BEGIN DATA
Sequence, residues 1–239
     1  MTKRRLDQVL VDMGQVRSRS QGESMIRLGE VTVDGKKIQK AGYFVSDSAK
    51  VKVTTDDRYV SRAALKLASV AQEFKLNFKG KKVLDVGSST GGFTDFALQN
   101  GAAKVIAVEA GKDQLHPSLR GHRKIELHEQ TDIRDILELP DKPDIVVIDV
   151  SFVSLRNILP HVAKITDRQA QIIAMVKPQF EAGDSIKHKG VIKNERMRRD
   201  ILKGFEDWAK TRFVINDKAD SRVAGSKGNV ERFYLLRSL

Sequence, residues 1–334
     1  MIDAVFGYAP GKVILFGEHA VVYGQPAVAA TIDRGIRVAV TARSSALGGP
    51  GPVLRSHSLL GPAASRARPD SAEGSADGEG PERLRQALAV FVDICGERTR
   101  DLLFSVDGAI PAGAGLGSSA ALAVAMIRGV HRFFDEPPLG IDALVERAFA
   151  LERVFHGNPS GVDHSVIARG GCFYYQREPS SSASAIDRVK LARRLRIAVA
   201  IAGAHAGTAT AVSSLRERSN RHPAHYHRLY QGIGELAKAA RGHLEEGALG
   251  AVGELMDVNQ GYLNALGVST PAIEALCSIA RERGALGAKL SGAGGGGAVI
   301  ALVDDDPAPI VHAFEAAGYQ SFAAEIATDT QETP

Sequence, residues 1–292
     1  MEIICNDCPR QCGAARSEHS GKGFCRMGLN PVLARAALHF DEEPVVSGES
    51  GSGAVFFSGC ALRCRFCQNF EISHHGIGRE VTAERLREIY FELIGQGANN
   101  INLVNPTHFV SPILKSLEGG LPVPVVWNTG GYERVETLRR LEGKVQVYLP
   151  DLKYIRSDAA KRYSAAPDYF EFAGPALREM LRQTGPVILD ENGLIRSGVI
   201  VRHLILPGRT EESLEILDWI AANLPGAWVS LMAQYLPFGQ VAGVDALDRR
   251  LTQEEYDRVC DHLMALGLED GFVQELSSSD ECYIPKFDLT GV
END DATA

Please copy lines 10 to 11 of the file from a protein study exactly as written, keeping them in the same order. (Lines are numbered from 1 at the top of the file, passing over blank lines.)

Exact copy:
   101  DLLFSVDGAI PAGAGLGSSA ALAVAMIRGV HRFFDEPPLG IDALVERAFA
   151  LERVFHGNPS GVDHSVIARG GCFYYQREPS SSASAIDRVK LARRLRIAVA